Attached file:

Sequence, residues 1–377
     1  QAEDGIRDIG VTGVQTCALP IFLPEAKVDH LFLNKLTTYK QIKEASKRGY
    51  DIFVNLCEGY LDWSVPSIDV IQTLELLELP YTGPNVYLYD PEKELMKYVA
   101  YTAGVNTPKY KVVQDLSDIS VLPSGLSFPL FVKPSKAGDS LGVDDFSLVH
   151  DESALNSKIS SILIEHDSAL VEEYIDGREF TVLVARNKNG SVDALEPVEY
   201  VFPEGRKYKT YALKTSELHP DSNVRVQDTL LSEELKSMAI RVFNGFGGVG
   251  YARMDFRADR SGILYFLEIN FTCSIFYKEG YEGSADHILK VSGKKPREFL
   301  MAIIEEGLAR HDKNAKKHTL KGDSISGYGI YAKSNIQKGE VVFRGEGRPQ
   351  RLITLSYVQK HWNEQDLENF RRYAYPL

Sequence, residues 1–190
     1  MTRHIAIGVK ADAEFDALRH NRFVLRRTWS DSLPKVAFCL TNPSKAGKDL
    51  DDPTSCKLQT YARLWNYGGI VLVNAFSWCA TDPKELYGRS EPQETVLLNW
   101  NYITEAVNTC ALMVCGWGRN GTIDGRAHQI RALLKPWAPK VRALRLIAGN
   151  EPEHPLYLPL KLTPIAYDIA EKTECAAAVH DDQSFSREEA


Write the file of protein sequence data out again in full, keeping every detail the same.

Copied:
Sequence, residues 1–377
     1  QAEDGIRDIG VTGVQTCALP IFLPEAKVDH LFLNKLTTYK QIKEASKRGY
    51  DIFVNLCEGY LDWSVPSIDV IQTLELLELP YTGPNVYLYD PEKELMKYVA
   101  YTAGVNTPKY KVVQDLSDIS VLPSGLSFPL FVKPSKAGDS LGVDDFSLVH
   151  DESALNSKIS SILIEHDSAL VEEYIDGREF TVLVARNKNG SVDALEPVEY
   201  VFPEGRKYKT YALKTSELHP DSNVRVQDTL LSEELKSMAI RVFNGFGGVG
   251  YARMDFRADR SGILYFLEIN FTCSIFYKEG YEGSADHILK VSGKKPREFL
   301  MAIIEEGLAR HDKNAKKHTL KGDSISGYGI YAKSNIQKGE VVFRGEGRPQ
   351  RLITLSYVQK HWNEQDLENF RRYAYPL

Sequence, residues 1–190
     1  MTRHIAIGVK ADAEFDALRH NRFVLRRTWS DSLPKVAFCL TNPSKAGKDL
    51  DDPTSCKLQT YARLWNYGGI VLVNAFSWCA TDPKELYGRS EPQETVLLNW
   101  NYITEAVNTC ALMVCGWGRN GTIDGRAHQI RALLKPWAPK VRALRLIAGN
   151  EPEHPLYLPL KLTPIAYDIA EKTECAAAVH DDQSFSREEA